The chances of a U.S.-Chinese crisis in the coming years are low, but they are not negligible, and they are made more troubling by the risk of such a confrontation escalating. The most important steps Beijing and Washington can take are those that might help prevent crises from developing in the first place. Since uncertainty about the scope of each side’s vital interests would be a trigger for such crises, the two countries should deepen political and military exchanges that focus closely on this problem. Even if they cannot achieve full clarity, discussions can help draw attention to what each side believes poses the greatest risks.

Although it will be difficult to eliminate the possibility of U.S.-Chinese confrontations, both countries can do more to address the sources of potential instability and improve their ability to manage the risks they would face during a crisis. Leaders in Washington could share their rich experience in crisis management with their Chinese counterparts, emphasizing the importance of policy coordination. In addition, the United States should stress the need for China to use the existing hot line for prompt, direct communication between the countries’ top leaders during a crisis.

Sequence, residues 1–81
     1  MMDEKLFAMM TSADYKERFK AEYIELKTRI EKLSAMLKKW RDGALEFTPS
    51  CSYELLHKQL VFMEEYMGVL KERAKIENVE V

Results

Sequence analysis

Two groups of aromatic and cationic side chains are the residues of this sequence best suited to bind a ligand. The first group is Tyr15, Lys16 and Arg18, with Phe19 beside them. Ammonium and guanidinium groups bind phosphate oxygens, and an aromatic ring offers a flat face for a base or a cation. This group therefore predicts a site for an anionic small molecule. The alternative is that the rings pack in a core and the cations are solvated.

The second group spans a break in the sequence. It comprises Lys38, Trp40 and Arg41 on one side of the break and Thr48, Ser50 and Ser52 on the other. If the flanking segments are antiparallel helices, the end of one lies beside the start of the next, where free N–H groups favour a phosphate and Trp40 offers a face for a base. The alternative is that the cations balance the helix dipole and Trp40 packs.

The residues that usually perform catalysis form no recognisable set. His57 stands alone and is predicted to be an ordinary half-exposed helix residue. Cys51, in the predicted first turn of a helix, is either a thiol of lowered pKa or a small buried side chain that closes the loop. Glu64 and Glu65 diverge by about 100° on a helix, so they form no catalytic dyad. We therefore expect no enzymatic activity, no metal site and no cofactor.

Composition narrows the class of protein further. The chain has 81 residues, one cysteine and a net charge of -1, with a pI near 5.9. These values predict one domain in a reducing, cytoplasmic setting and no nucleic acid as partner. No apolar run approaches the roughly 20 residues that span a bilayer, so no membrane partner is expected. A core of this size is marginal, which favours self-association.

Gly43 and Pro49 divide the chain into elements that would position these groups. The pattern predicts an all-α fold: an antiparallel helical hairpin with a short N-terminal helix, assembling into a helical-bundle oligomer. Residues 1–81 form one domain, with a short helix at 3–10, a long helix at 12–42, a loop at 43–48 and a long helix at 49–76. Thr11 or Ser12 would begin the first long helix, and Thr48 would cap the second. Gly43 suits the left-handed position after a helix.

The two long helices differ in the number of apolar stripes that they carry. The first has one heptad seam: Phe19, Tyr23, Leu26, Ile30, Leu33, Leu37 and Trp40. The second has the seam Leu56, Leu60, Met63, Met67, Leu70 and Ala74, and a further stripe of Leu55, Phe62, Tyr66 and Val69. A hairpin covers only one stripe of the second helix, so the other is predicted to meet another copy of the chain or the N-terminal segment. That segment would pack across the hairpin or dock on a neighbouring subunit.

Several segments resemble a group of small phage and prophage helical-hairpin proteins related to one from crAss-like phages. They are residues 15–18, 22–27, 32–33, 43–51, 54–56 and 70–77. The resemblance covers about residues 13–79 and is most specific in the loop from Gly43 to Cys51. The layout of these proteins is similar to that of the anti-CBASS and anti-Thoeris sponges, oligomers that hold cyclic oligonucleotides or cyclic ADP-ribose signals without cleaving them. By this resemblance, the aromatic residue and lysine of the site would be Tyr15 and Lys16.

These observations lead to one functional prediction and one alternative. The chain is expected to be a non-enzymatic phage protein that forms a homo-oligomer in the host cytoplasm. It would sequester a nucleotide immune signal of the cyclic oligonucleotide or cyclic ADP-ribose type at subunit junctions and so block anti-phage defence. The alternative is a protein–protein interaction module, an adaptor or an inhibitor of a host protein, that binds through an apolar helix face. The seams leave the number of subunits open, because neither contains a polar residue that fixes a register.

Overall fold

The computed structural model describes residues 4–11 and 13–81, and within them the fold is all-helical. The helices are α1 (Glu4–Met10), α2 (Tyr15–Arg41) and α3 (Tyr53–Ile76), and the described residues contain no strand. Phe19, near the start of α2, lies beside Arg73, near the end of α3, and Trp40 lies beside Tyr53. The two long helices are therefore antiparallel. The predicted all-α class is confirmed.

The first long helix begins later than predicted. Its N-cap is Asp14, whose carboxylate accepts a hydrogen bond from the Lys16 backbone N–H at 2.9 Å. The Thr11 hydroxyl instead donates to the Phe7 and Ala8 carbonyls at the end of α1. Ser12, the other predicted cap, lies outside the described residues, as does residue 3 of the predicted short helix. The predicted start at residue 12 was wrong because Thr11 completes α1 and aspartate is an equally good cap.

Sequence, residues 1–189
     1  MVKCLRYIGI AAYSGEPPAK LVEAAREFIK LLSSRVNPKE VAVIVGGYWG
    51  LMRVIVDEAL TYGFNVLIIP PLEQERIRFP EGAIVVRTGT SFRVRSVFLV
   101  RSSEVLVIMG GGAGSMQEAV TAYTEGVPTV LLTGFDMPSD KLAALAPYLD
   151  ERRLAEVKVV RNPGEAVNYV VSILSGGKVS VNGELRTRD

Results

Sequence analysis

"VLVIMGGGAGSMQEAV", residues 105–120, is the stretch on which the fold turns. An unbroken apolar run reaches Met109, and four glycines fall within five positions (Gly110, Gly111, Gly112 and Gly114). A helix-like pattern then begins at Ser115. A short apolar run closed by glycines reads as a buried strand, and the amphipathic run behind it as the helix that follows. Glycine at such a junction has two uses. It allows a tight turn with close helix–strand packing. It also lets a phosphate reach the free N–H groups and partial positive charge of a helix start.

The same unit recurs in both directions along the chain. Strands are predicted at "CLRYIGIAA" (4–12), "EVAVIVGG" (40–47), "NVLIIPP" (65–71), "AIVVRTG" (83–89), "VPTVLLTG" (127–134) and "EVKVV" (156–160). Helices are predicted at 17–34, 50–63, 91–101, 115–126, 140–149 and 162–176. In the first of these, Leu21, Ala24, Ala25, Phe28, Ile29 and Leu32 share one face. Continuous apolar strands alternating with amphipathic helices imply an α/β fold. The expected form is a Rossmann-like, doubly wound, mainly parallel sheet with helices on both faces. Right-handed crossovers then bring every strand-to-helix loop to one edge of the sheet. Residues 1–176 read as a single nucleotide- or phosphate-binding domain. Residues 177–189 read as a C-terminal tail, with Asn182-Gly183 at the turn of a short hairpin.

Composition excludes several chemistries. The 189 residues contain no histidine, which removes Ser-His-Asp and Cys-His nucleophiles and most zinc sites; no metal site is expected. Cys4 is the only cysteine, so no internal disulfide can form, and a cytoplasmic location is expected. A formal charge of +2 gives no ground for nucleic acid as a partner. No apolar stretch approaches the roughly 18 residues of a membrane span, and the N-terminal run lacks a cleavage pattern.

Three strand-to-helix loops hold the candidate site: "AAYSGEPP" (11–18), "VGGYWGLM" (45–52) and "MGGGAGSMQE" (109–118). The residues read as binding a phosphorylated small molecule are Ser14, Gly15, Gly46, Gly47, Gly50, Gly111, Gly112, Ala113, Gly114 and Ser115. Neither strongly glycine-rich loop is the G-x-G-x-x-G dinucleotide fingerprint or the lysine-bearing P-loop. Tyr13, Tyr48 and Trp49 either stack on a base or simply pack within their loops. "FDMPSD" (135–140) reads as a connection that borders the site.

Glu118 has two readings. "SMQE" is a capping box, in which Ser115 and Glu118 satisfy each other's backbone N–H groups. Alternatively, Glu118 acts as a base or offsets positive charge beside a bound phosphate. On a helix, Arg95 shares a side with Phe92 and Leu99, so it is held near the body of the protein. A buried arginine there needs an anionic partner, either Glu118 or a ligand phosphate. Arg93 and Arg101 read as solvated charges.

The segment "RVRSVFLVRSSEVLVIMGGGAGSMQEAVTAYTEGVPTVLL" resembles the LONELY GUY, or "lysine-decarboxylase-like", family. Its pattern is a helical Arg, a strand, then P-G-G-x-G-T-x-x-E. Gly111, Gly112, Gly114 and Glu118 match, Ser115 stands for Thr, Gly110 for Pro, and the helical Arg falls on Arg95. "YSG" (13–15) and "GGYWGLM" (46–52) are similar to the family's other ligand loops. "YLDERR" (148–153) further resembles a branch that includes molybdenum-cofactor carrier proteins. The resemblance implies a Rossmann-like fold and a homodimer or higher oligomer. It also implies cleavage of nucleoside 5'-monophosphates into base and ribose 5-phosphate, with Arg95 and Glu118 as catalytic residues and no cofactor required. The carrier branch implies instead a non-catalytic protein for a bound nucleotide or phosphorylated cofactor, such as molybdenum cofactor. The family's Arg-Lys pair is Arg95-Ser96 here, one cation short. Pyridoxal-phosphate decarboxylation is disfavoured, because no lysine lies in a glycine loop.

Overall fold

China and the United States should also deepen their currently modest military-to-military exchanges. Without compromising essential secrets, increasing familiarity with each other’s military systems and practices would reduce the risk of inadvertent escalation during a showdown. Both sides would be wise to foster greater personal familiarity among the two countries’ commanding officers, which, in the event of a crisis, would establish a modicum of trust that would be helpful if political leaders sought to de-escalate the conflict.

Getting Beijing and Washington to tackle the difficult task of containing a future crisis will not be easy. In the end, it might take the experience of living through a terrifying showdown of the kind that defined the early Cold War. But it should not have to come to that.

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  • AVERY GOLDSTEIN is David M. Knott Professor of Global Politics and International Relations and Director of the Center for the Study of Contemporary China at the University of Pennsylvania. This essay is adapted from his article “First Things First: The Pressing Danger of Crisis Instability in U.S.-China Relations,” International Security, Spring 2013.